Norway celebrates jul

Which of these Norwegian Christmas traditions is the strangest?

Donald Duck

Photo: Peter Griffin / PublicDomainPictures
None other than Donald Duck is the star of Christmas Eve in Norway.

The Local

UNUSUAL NEWS: Experience jul in Norway through the eyes of an uninitiated Brit:

A Norwegian Christmas is a lot more than gingerbread, gløgg, and tasteful decor.

From dressing up as a goat-like devil when you go out “julebukking” to leaving porridge for your ill-tempered house spirit, Norway has certainly kept more pagan jul traditions than many other Christmas-celebrating countries. 

Here are some of the country’s weirder traditions.

Marzipan pigs

There’s something gloriously bizarre about the prize traditionally given to whoever finds the almond Norwegian parents drop in the special Christmas porridge. And speaking of bizarre, last year, two Norwegian artists took the tradition one step further by making a world-record marzipan pig, complete with a giant pile of marzipan poo.

Watching ancient Disney cartoons

It’s only in the Nordic countries that anyone knows who Ferdinand the bull is. But that’s because everyone has watched the exact same 10 cartoons every Christmas Eve since 1953. Disney’s Donald Duck og vennene hans, or Donald Duck and His Friends, goes out this Christmas on NRK at 3 p.m., as it has done every year for as long as anyone remembers. To those who aren’t in on the joke, this is very odd, indeed.

Trick-or-treating at Christmas

There’s little difference between what Norwegians do when they går julebukk, and what the rest of the world does at Hallo­ween. Children travel in costume from house to house, singing in exchange for sweets. If adults go, too, they are ideally so well disguised as to be unrecognizable. They then drink a glass of aquavit at every house, ideally until they are incomprehensible.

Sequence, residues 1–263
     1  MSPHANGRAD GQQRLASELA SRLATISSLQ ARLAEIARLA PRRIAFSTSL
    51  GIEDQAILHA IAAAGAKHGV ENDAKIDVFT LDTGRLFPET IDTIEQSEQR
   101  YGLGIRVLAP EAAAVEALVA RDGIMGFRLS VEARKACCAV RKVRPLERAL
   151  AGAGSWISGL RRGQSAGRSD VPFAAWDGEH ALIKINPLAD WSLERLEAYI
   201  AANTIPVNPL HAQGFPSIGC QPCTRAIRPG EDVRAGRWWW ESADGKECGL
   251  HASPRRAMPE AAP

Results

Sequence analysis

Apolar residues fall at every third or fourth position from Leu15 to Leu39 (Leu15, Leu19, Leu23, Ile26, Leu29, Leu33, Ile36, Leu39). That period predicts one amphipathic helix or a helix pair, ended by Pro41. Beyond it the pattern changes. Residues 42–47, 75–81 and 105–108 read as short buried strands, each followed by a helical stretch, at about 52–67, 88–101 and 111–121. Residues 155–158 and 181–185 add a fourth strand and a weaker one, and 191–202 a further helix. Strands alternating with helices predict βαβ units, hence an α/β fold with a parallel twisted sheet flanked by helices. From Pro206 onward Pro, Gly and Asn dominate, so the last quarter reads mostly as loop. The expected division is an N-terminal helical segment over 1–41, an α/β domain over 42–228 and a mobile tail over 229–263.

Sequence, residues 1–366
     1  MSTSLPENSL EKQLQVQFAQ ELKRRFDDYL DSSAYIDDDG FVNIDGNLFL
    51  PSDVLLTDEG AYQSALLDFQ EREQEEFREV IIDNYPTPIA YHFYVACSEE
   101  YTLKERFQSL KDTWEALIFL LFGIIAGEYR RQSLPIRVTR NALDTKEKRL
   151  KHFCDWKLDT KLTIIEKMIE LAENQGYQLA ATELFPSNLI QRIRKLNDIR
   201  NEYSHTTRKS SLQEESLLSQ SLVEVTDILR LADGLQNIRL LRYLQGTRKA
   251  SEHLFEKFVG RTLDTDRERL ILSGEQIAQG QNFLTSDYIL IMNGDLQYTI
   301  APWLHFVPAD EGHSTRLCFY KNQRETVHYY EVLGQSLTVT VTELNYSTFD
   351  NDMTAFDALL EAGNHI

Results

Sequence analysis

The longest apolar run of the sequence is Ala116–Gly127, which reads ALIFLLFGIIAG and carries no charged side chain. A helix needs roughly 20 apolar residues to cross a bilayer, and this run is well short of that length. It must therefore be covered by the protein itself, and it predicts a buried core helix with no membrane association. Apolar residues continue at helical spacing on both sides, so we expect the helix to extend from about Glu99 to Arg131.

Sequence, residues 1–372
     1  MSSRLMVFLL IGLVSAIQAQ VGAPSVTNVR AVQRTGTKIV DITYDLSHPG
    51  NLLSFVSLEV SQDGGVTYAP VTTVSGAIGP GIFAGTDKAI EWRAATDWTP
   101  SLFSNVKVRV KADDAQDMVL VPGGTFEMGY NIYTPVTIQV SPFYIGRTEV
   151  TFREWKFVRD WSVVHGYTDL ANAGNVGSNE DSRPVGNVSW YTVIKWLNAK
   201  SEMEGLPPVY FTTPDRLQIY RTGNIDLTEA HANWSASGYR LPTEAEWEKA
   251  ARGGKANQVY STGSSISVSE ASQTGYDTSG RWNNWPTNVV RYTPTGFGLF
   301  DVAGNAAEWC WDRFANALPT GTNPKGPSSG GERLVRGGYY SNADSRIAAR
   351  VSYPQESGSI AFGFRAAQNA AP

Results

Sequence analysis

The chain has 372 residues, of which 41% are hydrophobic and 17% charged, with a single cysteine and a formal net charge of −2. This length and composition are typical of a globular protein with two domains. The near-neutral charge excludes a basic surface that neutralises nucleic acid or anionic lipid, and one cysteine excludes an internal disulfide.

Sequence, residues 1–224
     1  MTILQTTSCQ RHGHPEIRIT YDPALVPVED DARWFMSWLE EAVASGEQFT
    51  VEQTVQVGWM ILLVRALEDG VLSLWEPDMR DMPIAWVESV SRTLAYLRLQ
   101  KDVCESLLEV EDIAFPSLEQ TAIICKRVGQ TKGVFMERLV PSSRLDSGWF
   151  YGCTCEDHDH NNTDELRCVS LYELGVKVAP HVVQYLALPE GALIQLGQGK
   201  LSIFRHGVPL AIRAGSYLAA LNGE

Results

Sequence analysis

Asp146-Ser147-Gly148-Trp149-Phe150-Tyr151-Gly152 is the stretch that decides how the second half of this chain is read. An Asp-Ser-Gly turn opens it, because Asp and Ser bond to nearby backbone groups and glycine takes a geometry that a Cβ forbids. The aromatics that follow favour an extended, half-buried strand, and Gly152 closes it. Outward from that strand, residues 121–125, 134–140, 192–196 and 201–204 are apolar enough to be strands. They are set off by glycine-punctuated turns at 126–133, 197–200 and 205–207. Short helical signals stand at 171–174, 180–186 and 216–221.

Eating ribs instead of roast

When Norwegians sit down for their Christmas meal, it’s either pork (julribbe) or lamb ribs (pinnekjøtt) for the main course. Not a turkey in sight.

Dancing around the Christmas tree

Foreigners who marry into Norwegian families can be disconcerted when asked to join hands and dance around the tree. The strangeness is only increased when accompanied by songs from God Jul, the 1967 album by Norwegian show band Dizzie Tunes.

Watching Tre Nøtter til Askepot

Norwegians would feel their Christmas was incomplete without watching Tre Nøtter til Askepott, or Three Hazelnuts for Cinderella, an East German-Czech adventure film from the early 1970s. If anything, this is even weirder than the cartoons.

Making terrible attempts to play Santa

At Norwegian Christmas celebrations, Santa Claus, or julenissen, actually turns up. How can Norwegian children believe in Santa Claus when they get to meet him face-to-face? After popping out “to get the paper,” a parent or other relative returns with a fake beard and some kind of heavy coat and hat. Few children are deceived.

Going overboard on julekjeks

According to some traditions, Norwegians are supposed to bake no fewer than seven varieties of cookies in the weeks leading up to Christmas Eve. Indeed, so important is the pre-Christmas bake, that Norwegians have even spurred butter shortages with  their hoarding.

Leaving porridge out for the nisse

If the nisse, the  gnome-like guardian spirit who lives in Norwegian barns, doesn’t get porridge left out for him with a big dollop of butter on top, Norwegians believe he will wreak vengeance by playing mean tricks, such as tying cows’ tails together. It’s a much more serious matter than forgetting to leave a glass of sherry for Santa.

This article was originally published on The Local.

This article originally appeared in the December 27, 2019, issue of The Norwegian American.

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The Norwegian American

The Norwegian American is North America's oldest and only Norwegian newspaper, published since May 17, 1889.